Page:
On any given school day, educators are tasked with making approximately 1,500 decisions. To put that into perspective, they make an average of one decision every four minutes during their six-hour school day. Many of these decisions are made on the fly and out of necessity, from instruction to addressing questions to being mindful of student behavior. A teacher’s attempt at containing the controlled chaos in every classroom means planned and impromptu decision-making, requiring them to always expect the unexpected.
Compounding efforts in the classroom is what’s happening at home: working parents and kids’ homework, packing lunches and cooking dinners, rushing to practices and games, battling the clock to get everything done. There simply aren’t enough hours in the day, yet the list of things everyone is to accomplish just keeps growing!
It’s no wonder, then, that teamwork is essential when it comes to kids’ academic success. Educators may be the instructional experts, but parents are experts of their children, speaking to the research that proves parental involvement is the number one factor driving student success. Schools can revamp curriculum, hire the most qualified and experienced teachers, and have all the resources in the world, but if students are not supported and motivated at home, it’s all for naught. That’s why educators and parents must strive to work together and bridge the gap between school-to-home communication. Sure, communication is a simple concept, but it’s made logistically more difficult by a multitude of factors:
Teachers should be interacting with parents early on and in a consistent, ongoing manner that is both positive and constructive. Of course there are times when teachers simply need to talk to Mom about her son’s unacceptable classroom behavior, but it’s a heck of a lot easier to broach that subject once a positive rapport has been established! Too many educators wait until they have a complaint or concern to contact home, missing the opportunity to build a solid foundational relationship. Parents are more willing and excited to talk to a teacher they believe has their child’s best academic interest at heart. Beginning the school year with a few friendly welcome calls is a great start to building that trust.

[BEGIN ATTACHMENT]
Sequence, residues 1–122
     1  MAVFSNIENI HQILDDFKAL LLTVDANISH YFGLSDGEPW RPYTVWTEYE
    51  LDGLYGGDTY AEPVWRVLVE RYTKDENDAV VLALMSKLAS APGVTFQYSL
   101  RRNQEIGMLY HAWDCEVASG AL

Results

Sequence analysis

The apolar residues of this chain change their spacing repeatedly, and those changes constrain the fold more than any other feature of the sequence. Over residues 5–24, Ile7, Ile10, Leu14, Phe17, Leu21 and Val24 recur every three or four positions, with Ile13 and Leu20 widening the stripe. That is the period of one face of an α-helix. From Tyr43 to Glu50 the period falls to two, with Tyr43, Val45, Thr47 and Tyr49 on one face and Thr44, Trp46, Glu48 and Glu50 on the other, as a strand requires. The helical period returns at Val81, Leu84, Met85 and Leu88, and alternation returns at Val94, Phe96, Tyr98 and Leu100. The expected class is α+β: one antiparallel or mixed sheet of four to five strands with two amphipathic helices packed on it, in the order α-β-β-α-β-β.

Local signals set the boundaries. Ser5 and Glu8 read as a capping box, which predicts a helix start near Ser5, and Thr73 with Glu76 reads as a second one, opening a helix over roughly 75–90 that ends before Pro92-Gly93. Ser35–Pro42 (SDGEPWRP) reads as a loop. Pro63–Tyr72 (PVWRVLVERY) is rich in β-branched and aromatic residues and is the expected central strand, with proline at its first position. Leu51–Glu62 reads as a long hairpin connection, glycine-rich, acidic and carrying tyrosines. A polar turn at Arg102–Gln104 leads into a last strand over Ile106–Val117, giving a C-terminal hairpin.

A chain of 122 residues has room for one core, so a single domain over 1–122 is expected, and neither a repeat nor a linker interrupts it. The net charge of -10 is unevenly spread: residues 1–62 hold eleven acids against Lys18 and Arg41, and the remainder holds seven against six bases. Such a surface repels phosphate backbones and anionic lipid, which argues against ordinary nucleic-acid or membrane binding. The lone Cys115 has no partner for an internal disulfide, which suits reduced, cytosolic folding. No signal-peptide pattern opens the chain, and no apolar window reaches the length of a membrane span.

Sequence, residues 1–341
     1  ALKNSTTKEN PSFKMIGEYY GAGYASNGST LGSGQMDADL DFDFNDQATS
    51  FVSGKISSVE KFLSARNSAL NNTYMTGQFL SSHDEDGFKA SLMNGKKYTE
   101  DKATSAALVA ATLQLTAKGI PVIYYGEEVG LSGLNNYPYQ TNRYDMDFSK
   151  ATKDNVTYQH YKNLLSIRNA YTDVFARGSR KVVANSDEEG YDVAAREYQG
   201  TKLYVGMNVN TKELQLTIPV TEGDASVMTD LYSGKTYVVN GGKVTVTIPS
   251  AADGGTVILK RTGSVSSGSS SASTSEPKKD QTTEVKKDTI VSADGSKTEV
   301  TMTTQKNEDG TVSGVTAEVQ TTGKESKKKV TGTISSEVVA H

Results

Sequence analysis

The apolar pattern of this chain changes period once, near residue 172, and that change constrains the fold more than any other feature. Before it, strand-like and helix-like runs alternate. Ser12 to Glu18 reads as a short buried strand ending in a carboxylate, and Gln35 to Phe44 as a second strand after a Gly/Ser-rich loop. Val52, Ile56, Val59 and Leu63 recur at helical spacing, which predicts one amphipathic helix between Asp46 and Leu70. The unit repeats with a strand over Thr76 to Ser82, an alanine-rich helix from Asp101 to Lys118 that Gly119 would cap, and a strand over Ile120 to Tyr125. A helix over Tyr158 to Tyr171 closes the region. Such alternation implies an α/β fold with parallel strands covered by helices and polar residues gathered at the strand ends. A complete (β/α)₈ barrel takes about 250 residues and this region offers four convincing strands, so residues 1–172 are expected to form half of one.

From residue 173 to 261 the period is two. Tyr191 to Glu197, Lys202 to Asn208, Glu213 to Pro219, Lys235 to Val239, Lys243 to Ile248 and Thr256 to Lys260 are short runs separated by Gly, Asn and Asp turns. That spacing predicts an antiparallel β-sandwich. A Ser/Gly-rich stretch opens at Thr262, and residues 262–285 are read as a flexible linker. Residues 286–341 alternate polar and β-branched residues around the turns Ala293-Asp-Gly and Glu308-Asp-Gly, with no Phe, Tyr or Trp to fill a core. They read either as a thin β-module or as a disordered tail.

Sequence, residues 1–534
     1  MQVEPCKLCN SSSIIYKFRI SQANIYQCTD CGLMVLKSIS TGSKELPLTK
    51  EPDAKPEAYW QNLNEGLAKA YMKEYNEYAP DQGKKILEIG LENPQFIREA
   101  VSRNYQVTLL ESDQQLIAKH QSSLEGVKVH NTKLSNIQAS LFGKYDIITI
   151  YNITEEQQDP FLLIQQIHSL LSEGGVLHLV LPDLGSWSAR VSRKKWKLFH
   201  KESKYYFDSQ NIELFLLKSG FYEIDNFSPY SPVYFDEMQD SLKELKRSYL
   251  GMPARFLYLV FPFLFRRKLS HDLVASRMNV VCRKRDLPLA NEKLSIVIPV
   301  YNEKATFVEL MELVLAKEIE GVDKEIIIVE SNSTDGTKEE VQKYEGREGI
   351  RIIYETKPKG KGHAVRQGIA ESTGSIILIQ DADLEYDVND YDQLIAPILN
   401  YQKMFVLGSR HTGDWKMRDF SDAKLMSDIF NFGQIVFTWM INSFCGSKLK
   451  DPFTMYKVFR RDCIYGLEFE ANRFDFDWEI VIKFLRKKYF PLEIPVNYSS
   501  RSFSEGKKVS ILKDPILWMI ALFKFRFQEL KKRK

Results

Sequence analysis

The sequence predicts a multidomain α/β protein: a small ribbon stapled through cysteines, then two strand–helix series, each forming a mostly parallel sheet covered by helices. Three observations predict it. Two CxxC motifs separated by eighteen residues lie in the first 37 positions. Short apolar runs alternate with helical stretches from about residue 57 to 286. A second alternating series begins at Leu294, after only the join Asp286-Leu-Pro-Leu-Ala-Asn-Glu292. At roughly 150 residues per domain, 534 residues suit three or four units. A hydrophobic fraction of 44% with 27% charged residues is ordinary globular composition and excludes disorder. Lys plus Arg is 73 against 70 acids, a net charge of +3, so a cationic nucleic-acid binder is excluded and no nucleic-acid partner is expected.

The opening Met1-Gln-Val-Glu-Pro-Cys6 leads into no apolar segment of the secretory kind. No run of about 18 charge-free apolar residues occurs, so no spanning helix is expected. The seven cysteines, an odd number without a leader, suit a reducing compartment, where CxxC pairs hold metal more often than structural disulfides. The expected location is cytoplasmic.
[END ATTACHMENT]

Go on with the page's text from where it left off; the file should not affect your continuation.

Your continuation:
When students are young, parents are welcomed into the classroom as guest readers, PTO volunteers, and class party planners! However, as the student advances through the grades, parents are not invited as often to participate in their children’s education. Lack of hands-on time and waning decision-making opportunities can make parents feel like outsiders. While that’s certainly not the intention, it seems to be the unfortunate progression in the public school system. Regardless of age or grade level, parents should be viewed as partners in their child’s educational endeavors.
Many parents did not have a positive school experience; as such, they don’t understand or appreciate the value of a formal education for their children. This issue is a difficult one to address because it means changing a person’s perspective. This often entails providing additional, new opportunities for parents’ learning, and though tough, it’s not impossible to help parents understand what academic success can mean for their students.
The sad reality is there are several families whose priority is not education because their basic needs are not being met. Perhaps they are experiencing poverty or life is just throwing lemon after lemon at them. Whatever the reason, personal hardship absolutely takes its toll on a person and impacts his ability to focus on other things, including his child’s education.
A language barrier between home and school is not a new issue, but it is a growing one. Our country is becoming more diverse with each passing year, which means schools will continue to face the challenges of communicating with students and families in their first or preferred languages. Until all stakeholders receive information they can understand and use, families will feel as though they are not a valuable part of their child’s education. Schools should strive to create an inclusive community, one that supports its members’ varying needs.
Varying demographics and student needs will always pose unique challenges for schools and parents to successfully close the communication gap. Fortunately, certain policies and new technology can help all stakeholders feel like active, valued participants in their child’s education. In the next post, we’ll focus specifically on the ESL barrier and explore the best strategies and tools for engaging these families. Stay tuned!
If you’re a district looking to open lines of communication between school and home—during testing season and beyond—book a personal tour now. The tour takes less than 15-minutes and trust us when we say: your teachers will thank you!